Create a cyber action plan. Ensure your cyber team creates a detailed cyber plan. However, don’t make it so complex it will sit on a shelf. List those people responsible for which tasks and keep that list updated. Practice by working through different “what if” scenarios to prepare your team in the event you experience a cyberattack.
Determine the firms that can help in case you face an attack. This should include your cyber insurer, legal counsel, public relations firms, local law enforcement or the FBI, as well as IT vendors who can bolster your internal IT force if needed.
Stay current on emerging threats. Historically, businesses faced infiltration of viruses and malicious coding. Social engineering hackers are at the forefront of cyber threats today and have hurried to exploit the work-from-home movement. Hackers continue to grow in sophistication. Invest in training for your IT and cyber team and ensure that information flows back to the organization with frequent updates.
Develop a strong training program. Due to COVID-19, social engineering hacks top the list of today’s cyber threats. Keep employees updated on password importance, common cyber tricks and other attempts they may face as they manage their in-home work. Warn employees about the emerging threats from email and other scams faced by many users arising after the COVID-19 epidemic.

Cyber Insurance Coverage Problematic for Small-to-Midsize Businesses

Perhaps you have endorsed some level of cyber coverage on your businessowners policy (BOP). Cyber coverage under your BOP, however, is extremely limited. Generally, the BOP provides only third-party coverage in the event you experience a hack that damages others. Coverage for first-party costs, such as business interruption losses you experience or public relations costs you may incur for damage control, can help provide much-needed insurance assistance post-hack.
We can help you tailor cyber insurance coverage that can help you meet the challenges of today’s increasingly sophisticated hacks.

Does My Insurance Policy Provide Coverage for the CoronaVirus?

Will My Commercial Insurance Policies Protect by Business Against the coronavirus COVID-19?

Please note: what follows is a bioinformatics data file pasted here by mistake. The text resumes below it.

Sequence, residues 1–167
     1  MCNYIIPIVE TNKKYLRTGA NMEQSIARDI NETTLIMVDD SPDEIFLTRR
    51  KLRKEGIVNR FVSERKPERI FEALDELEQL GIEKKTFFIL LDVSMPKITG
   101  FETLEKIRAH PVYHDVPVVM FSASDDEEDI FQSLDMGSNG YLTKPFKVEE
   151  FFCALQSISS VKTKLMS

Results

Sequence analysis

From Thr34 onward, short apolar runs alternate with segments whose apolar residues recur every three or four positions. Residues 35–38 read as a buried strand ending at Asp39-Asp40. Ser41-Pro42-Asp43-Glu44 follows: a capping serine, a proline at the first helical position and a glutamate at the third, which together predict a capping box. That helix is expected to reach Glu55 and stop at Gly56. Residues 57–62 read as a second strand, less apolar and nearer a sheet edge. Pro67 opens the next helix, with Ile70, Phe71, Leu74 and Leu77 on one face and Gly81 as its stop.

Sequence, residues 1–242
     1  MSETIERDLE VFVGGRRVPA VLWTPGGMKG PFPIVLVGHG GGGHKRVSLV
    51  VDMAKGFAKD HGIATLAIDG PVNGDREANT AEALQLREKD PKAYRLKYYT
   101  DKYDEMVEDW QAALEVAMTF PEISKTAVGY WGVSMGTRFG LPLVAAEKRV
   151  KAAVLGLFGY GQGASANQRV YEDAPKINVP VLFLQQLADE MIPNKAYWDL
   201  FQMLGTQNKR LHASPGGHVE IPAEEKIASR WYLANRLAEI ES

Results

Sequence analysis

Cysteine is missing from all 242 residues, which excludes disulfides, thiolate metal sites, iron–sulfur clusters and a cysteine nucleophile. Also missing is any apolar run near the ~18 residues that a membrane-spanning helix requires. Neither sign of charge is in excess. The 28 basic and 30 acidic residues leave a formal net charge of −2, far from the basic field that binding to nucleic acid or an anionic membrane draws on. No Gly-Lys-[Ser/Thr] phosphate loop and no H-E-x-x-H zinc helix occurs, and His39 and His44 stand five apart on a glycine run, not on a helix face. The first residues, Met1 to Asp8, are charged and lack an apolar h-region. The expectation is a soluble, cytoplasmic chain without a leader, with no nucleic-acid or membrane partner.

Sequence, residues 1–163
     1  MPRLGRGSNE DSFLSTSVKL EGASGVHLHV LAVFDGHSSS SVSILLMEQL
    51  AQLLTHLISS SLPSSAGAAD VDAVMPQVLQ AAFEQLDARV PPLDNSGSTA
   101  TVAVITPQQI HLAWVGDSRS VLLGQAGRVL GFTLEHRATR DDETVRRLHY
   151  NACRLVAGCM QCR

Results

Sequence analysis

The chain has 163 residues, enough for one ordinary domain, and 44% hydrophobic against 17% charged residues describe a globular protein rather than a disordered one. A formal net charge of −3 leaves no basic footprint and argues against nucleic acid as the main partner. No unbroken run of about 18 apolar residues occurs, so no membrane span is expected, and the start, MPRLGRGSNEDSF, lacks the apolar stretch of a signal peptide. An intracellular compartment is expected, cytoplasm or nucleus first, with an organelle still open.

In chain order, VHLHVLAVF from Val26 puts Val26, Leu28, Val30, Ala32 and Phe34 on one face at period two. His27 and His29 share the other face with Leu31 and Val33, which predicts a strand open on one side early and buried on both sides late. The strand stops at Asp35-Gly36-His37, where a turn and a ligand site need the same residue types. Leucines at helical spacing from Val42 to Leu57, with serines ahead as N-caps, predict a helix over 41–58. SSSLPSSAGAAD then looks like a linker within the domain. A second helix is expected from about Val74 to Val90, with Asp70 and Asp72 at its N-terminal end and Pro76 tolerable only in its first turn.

COVID-19 or the coronavirus, a flulike virus that originated in Wuhan, China, has disrupted global supply chains and has American business owners wondering how the virus may impact their businesses. Will your commercial insurance policies cover you for the effects of this global outbreak?

Will My Commercial Insurance Policies Respond to an Outbreak?

The answer to this question, as in many insurance issues, is complex. Let’s review coverage by the different policies you may have.

General Liability and Property Insurance Coverage

Your general liability (GL) policy may cover you for third-party claims. For example, customers allege they became ill after a visit to your premises due to your failure to disinfect. In many cases, your GL coverage will respond. However, some GL policies have exclusions that limit or eliminate third-party coverage. Fear of illness by visitors absent physical symptoms, for example, probably would not trigger coverage.
If you incur cleanup costs, your pollution liability policy may provide some coverage. Most standard commercial property policies, however, usually have significant contamination exclusions.

The Effects of Business Interruption and Your Business Income Coverage

Absent special endorsements, most business income (BI) coverage applies only after the business experiences an income loss related to a peril covered under the policy. For example, BI coverage helps businesses that experience a loss of income after a fire. In the case of the coronavirus, it’s unlikely that coverage would apply without adding endorsements, when available, at an additional cost.
If you must close your business due to the virus, most BI policies respond only if the government orders the business closure. Additionally, the standard BI form excludes “loss or damage caused by or resulting from any virus, bacterium, or other microorganism that induces or is capable of inducing physical distress, illness, or disease.” The BI form also excludes a “loss of market.” This scenario could emerge for hotel owners who cannot fill rooms because people stopped traveling due to the disease.